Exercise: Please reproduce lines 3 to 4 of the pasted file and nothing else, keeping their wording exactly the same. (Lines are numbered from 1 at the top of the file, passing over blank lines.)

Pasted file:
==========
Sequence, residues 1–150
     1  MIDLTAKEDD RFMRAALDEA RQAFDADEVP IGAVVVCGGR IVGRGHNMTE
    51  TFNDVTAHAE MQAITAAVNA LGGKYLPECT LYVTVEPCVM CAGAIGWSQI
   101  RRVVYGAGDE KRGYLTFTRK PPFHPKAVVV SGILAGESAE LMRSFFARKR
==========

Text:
    51  TFNDVTAHAE MQAITAAVNA LGGKYLPECT LYVTVEPCVM CAGAIGWSQI
   101  RRVVYGAGDE KRGYLTFTRK PPFHPKAVVV SGILAGESAE LMRSFFARKR